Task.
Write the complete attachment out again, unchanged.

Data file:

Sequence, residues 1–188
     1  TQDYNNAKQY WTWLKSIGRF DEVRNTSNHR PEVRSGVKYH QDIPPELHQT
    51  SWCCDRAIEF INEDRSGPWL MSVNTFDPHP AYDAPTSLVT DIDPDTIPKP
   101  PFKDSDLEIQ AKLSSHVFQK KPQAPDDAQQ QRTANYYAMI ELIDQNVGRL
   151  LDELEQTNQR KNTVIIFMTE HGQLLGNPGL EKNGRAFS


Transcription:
Sequence, residues 1–188
     1  TQDYNNAKQY WTWLKSIGRF DEVRNTSNHR PEVRSGVKYH QDIPPELHQT
    51  SWCCDRAIEF INEDRSGPWL MSVNTFDPHP AYDAPTSLVT DIDPDTIPKP
   101  PFKDSDLEIQ AKLSSHVFQK KPQAPDDAQQ QRTANYYAMI ELIDQNVGRL
   151  LDELEQTNQR KNTVIIFMTE HGQLLGNPGL EKNGRAFS